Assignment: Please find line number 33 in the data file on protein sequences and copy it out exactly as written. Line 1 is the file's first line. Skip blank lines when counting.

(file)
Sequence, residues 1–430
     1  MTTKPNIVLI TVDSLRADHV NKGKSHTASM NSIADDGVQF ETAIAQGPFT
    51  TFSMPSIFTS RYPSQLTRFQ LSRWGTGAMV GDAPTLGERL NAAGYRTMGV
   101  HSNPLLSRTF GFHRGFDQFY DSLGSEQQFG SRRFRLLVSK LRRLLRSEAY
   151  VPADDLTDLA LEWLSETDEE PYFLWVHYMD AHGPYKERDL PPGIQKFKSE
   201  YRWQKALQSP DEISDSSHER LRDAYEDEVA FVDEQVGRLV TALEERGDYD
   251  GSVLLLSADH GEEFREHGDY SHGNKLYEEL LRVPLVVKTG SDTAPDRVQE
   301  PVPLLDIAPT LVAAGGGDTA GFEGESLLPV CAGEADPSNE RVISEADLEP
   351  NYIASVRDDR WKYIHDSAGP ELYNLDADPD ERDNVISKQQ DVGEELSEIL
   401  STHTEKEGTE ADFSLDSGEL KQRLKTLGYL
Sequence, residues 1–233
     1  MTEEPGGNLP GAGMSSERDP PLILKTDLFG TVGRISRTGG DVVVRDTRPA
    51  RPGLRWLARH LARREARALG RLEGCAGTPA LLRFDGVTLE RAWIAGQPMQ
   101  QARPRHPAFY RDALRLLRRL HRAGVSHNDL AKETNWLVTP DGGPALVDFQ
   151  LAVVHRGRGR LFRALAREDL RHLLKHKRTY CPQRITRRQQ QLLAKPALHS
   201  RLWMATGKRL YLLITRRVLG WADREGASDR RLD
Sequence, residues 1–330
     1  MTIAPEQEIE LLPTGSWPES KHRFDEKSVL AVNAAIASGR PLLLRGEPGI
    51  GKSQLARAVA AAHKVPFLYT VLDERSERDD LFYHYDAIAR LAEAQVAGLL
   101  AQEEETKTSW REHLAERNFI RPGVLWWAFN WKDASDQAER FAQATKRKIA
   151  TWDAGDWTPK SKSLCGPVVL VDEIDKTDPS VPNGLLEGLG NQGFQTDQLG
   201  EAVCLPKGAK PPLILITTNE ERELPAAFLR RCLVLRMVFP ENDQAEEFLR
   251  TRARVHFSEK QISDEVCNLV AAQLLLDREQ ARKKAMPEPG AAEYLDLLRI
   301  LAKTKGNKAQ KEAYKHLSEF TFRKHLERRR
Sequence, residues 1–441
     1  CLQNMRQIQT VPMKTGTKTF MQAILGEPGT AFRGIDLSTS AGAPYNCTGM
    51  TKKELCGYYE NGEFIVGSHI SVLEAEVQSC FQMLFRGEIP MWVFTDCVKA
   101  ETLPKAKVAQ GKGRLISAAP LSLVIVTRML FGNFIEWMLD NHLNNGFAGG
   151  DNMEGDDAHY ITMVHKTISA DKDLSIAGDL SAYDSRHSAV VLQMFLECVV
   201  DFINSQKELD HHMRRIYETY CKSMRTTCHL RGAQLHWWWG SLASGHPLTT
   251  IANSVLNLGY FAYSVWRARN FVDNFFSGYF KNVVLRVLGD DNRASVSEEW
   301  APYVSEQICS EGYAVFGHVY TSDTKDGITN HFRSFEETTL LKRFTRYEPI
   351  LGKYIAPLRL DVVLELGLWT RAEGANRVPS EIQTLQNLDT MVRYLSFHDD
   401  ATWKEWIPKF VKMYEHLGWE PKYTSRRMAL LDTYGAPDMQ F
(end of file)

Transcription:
   351  LGKYIAPLRL DVVLELGLWT RAEGANRVPS EIQTLQNLDT MVRYLSFHDD